Cookin', Critters and Chillun

Revisiting roots

It started with a desire to eat real Southern food, to revisit my roots, to “go back home to Georgia.”

And so I did. Bill and I took a little 1,265-mile round trip to get our Georgia fix. It took a bit of convincing to get my husband enthused about the idea. But once he located and called his cousin Comer “Buzzy” Randall III in Washington, Ga., and they talked for about an hour, Bill was hooked.

Bill Hibbert tries not to drool over all the University of Georgia memorabilia his cousins, Buzzy and Bug Randall, collected. Photo by Meg Hibbert
Bill Hibbert tries not to drool over all the University of Georgia memorabilia his cousins, Buzzy and Bug Randall, have in their UGA room. Photo by Meg Hibbert

Buzzy and his wife, “Bug” – whose given name is Jo but she’s been Bug ever since she was little – invited us to spend the night with them.

We went back home over the Fourth of July weekend back. Of course, there really isn’t “home” to go to. Both sets of our parents have passed on, along with all of our aunts and uncles who lived in Georgia. Bill and I and our cousins are the “older generation” now.

We visited, ate fried food, especially little catfish, and fresh tomatoes and okra and butter beans and corn, and fed hush puppies to the alligators in the mill pond. We also picked high bush blueberries on “trees” higher than my head. Mostly, we renewed family ties.

We had no particular agenda in mind when we left, other then to kin we hadn’t seen in years and take pictures at a few of the older cemeteries where “my people” are buried.

Our first stop was Buzzy and Bug’s Victorian house, built in 1897, on the main street, Robert Toombs Avenue in Washington. A light burned all night upstairs in the town’s funeral home, which is also in a Victorian house across the street. Washington is a little gem of a town, with dozens of Victorian homes opened to the public on homes tours sponsored by the Washington Woman’s Club and the local chamber of commerce.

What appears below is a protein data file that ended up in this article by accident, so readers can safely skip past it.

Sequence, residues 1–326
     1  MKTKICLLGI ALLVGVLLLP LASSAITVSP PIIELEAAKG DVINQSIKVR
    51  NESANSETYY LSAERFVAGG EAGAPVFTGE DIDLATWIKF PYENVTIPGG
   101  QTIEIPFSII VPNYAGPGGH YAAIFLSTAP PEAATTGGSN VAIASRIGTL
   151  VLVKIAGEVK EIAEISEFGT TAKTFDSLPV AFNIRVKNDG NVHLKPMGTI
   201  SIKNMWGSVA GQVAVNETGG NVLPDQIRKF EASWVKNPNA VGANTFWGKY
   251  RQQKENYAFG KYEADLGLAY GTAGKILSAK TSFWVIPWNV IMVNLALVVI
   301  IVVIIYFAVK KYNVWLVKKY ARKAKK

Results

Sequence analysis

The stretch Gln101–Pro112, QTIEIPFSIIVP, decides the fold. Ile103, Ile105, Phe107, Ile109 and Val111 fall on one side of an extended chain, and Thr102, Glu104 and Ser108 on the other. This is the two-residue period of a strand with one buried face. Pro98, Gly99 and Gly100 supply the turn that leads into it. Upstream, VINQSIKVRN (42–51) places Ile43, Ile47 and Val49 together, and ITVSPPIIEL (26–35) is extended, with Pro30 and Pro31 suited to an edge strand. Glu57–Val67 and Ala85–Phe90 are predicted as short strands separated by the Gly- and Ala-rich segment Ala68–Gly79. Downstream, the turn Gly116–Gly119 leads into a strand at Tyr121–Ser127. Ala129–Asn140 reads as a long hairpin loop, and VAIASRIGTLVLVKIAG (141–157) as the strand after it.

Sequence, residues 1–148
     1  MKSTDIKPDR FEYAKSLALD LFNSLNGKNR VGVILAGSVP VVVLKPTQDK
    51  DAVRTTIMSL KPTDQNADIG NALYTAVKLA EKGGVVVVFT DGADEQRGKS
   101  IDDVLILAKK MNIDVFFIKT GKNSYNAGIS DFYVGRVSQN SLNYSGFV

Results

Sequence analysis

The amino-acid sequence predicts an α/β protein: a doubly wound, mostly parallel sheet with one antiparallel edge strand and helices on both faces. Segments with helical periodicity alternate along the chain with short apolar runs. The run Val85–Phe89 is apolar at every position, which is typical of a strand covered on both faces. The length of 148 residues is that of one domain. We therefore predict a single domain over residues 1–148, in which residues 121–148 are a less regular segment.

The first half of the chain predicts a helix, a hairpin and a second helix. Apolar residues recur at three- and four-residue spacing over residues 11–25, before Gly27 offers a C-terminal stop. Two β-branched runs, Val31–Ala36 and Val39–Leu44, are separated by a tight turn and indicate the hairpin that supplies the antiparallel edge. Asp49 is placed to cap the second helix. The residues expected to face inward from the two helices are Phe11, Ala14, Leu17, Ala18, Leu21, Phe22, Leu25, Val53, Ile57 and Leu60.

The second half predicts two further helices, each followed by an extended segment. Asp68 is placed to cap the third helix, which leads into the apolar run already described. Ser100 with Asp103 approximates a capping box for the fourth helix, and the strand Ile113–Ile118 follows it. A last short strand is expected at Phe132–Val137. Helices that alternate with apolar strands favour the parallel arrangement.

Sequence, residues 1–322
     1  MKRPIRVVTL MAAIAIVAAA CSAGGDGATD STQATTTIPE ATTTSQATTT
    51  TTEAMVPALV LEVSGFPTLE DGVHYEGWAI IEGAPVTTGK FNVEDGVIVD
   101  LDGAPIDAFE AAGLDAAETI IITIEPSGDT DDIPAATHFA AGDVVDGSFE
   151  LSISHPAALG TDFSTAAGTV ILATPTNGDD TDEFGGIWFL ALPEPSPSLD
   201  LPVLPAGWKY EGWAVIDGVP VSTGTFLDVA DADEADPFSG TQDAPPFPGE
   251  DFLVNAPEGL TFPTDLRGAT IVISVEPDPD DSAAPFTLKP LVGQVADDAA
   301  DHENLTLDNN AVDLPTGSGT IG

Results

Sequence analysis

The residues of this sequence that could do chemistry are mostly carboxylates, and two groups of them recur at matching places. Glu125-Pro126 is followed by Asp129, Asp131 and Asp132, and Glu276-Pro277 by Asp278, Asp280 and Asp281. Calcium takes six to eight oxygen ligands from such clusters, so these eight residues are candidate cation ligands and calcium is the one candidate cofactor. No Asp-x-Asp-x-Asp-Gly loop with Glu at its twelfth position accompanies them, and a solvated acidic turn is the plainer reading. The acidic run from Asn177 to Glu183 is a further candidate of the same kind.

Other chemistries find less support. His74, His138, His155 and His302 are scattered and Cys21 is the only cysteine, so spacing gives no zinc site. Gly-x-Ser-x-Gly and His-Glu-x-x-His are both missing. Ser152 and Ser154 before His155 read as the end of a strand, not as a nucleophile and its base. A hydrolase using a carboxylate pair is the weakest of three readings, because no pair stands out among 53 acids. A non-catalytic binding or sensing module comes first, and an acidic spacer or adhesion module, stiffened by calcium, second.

Buzzy and Bug are the third generation of family to live in her mother’s home place. They’re used to having overnight visitors. Their “Babe’s House B & B” in the cottage behind the big house is one of the draws in Washington. Bug doesn’t cook, she says, but is famous for her cheese straws.

A later start than planned coupled with a frog-drowning rain storm put us in town well after supper hour so we reserved most of our catching up and photo sharing for the next morning, when Buzzy’s brother, David, came for breakfast and a quick visit.

None of the “boys” was sure when they had last seen each other. It didn’t matter. They talked about family reunions of days past. Before we set off for a tour around Washington with Buzzy as he delivered Meals on Wheels to four shut ins, we had time to get a good look at one room set aside just for University of Georgia and Georgia Bulldawg memorabilia.

Our kids think we have a lot of UGA things. They haven’t seen anything like Buzzy and Bug’s collection. One of my favorites was a bumper sticker that proudly proclaimed, “Damn Right I’m a Bulldog.”

I should back up and explain that Buzzy told us one way to spot the house was by the UGA bulldog holding the house number on the front lawn.

Buzzy retired from the family mill, Wilkes Mill & Feed Co. That’s what my husband remembered best about Buzzy and David’s parents, Evelyn and Comer, that they ran the mill in Washington. The family closed it in the mid-1990s, “because we couldn’t compete with the big mills any longer,” Buzzy explained.

We ate at a local country-style restaurant where I could get my fill of creamed corn, okra, fried chicken. Bug’s sister and late brother-in-law and family run the Washington News-Reporter weekly newspaper. As much as I would have loved to watch them put out a newspaper and compare how they do it to the way we do at the Salem Times-Register, we pushed on so that we could make it to South Georgia by suppertime.

Next week: On the road to alligators.

1 Comment

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  • This is marvelous writing. You did a truly great job capturing the mood of the place. It is obvious like Faulkner, you understand the signifance of blood and a sense of place. I am delighted with this blog and look forward to the alligators one.

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